The Covid-19 pandemic shook the world and overwhelmed healthcare systems across the globe, with millions of people losing their lives due to inaccessible healthcare. Africa is a continent of more than a billion people, with nearly all of its 54 countries being classed as developing nations with fragile medical infrastructure.
As winter approaches and experts around the world are giving warnings that Covid-19 will likely surge during the cold season, many are asking the question: how will Covid affect Africa this winter?
Covid-19 in Africa so Far
At this stage, 47 out of 54 African nations have been battling Covid-19, with more than 5.94 million cases between them and just over 145,000 deaths. Given the population of Africa exceeding one billion, compared to other countries like the UK, Africa as a continent has come off relatively well in the pandemic so far.
There are a number of reasons for this, including the fact that African nations are somewhat used to dealing with pandemics. The most recent was Ebola back in 2014/15 which held a tight grasp on the continent for quite some time. Hospitals were overwhelmed during that time and many people lost their lives, so how was Covid-19 so well managed?
It has a lot to do with the fact that most African leaders recognised that their healthcare systems were fragile from the offset, and a new disease would more than likely bring them to their knees, resulting in a huge loss of life.
For this reason, strict rules and lockdowns were implemented very early on, allowing countries to effectively manage their case rates. Case rates have mostly been declining, but this does not mean Africa is in the clear for winter.
Vaccination Rate in Africa
The Covid-19 vaccine is the key to preventing transmission and keeping people from getting seriously ill. Unfortunately, Africa has one of the lowest vaccination rates in the world. Just 3% of its population has been vaccinated so far. That’s around 36 million people.
The low vaccination rate is owed, in part, the fact that the majority of the vaccines distributed so far have been through the Covax scheme, designed so that poorer countries can access the vaccine through donations from wealthier nations.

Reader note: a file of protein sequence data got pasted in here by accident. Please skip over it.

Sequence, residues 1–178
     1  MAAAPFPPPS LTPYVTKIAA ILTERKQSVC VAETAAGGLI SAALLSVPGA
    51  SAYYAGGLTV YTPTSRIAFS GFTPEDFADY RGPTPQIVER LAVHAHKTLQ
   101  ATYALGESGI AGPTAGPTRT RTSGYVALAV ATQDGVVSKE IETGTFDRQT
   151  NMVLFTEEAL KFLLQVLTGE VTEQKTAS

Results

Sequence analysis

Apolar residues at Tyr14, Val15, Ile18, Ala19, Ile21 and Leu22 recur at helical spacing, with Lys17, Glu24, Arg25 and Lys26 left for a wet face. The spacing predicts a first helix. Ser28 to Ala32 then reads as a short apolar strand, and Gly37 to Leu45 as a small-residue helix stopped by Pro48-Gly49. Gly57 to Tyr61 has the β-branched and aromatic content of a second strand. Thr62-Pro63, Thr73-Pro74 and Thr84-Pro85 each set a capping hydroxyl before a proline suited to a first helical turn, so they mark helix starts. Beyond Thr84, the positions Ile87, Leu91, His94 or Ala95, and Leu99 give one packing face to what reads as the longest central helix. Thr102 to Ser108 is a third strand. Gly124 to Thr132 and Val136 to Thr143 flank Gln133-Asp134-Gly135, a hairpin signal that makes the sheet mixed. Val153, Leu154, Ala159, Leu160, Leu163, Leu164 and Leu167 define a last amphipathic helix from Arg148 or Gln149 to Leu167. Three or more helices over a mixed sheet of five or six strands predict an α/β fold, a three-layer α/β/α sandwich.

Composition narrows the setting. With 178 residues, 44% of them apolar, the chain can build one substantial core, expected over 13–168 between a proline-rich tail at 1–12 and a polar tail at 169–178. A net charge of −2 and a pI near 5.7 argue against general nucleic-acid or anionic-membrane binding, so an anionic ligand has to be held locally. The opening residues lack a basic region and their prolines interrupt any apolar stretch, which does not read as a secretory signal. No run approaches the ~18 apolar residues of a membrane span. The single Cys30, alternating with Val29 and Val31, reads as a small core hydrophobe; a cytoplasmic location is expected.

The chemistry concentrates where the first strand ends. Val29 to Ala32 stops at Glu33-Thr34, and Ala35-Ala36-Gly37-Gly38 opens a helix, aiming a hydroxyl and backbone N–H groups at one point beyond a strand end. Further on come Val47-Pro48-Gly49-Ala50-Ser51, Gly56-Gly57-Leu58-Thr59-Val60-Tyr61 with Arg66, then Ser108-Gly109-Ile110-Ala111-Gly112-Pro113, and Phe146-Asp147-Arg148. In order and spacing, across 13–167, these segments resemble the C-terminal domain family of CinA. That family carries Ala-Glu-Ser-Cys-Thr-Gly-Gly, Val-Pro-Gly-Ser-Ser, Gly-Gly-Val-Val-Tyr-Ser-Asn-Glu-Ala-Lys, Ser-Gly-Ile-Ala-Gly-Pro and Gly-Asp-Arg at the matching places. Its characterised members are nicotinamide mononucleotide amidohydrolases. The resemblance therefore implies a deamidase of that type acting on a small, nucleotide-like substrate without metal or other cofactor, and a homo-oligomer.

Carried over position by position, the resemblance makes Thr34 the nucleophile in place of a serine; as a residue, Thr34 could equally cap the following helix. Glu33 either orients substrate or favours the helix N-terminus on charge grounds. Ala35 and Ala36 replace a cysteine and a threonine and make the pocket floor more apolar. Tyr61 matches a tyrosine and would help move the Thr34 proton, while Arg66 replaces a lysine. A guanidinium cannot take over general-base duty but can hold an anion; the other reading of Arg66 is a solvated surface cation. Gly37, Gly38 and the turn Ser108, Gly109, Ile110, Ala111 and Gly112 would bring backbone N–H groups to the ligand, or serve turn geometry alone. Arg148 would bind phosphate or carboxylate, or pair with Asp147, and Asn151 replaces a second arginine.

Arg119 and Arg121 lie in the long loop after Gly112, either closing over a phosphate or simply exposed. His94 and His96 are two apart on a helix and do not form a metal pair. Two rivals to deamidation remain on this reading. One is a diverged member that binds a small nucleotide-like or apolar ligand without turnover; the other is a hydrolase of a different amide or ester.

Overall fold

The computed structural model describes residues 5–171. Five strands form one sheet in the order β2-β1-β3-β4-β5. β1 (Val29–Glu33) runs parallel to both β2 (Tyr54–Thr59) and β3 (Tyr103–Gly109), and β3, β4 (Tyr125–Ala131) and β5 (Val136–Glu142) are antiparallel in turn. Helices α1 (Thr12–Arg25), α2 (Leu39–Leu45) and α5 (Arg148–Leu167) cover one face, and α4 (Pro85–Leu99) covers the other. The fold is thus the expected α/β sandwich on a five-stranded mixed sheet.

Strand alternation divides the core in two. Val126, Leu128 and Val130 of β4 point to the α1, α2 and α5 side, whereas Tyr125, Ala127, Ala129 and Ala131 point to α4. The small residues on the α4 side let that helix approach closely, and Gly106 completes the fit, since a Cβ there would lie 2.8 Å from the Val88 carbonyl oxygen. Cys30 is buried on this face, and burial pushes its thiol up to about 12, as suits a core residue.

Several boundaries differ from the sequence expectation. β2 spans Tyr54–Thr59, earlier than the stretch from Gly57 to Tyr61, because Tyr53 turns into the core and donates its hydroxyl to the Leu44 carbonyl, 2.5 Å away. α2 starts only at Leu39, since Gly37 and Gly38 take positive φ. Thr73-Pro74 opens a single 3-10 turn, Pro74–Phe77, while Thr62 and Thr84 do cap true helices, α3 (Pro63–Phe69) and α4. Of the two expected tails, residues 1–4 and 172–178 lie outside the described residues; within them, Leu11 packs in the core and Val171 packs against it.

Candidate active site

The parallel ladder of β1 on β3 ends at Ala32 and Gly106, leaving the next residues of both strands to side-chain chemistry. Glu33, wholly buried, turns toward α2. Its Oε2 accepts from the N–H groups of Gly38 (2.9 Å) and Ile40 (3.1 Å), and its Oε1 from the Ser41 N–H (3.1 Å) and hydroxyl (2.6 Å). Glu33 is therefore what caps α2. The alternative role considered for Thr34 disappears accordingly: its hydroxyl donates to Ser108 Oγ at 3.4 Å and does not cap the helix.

Most of the Covax scheme vaccines were procured from the Serum Institute of India. They are the biggest vaccine maker in the world, but when the situation in India became uncontrollable, the country stopped exporting vaccines so that it could focus on easing its own situation. This left the continent of Africa severely strained.
Another issue that has affected the vaccine rollout in Africa is that wealthier countries put in huge orders before the vaccines had even been approved, so when approval came, they got put to the top of the list. Some European and American manufacturers are not accepting new orders for 2021, meaning even when African governments have the money to purchase vaccines, they are still unable to make an order.
There are very few vaccine production plants on the continent, with just 1% of all vaccines administered there being made in Africa. There are currently just 12 Covid-19 vaccine manufacturers across the whole continent, and that’s not enough. The G7 countries have pledged to give surplus vaccines to developing nations, but it’s likely they will come too late for Africa to meet its 60% vaccination rate by 2023.
On top of this, many countries are battling with a slow uptake of the vaccine, with hesitancy among many communities.
Covid-19 in Winter
Most experts believe Covid-19 may act like other respiratory diseases such as influenza, and if it does, it could surge in winter. There have been some laboratory studies conducted that show Covid-19 prefers colder, dryer conditions, i.e. winter.
From January to March 2021, Africa saw its biggest surge in infection rates. It saw another spike between July to August, and leaders are gearing up for another surge in winter. With such a low vaccination rate, the increase in cases could have a catastrophic impact on the healthcare systems in Africa, at a time when they will already be battling seasonal illnesses like the flu.
As winter approaches and cases are beginning to rise, it’s essential that there are provisions in place to tackle the crisis before it takes hold. This means we must do all we can to get vaccines to countries in Africa. Data shows that fully vaccinated people are less likely to contract Covid-19, so whilst it won’t stop infections altogether, being vaccinated can reduce transmission – something which is vital when it comes to protecting the most vulnerable communities in Africa.
How You Can Help
The ILM UK team works in Egypt and Malawi administering aid to those most in need, and we will be ramping our efforts in Africa as part of our winter appeal anyway, but we still need your help. We can’t accelerate the vaccination rate, but our teams can provide medical provisions to those who need it, as well as advice and guidance on the importance of getting the vaccine.
Please give what you can and help those in need in Africa this winter as they battle the cold and Covid-19.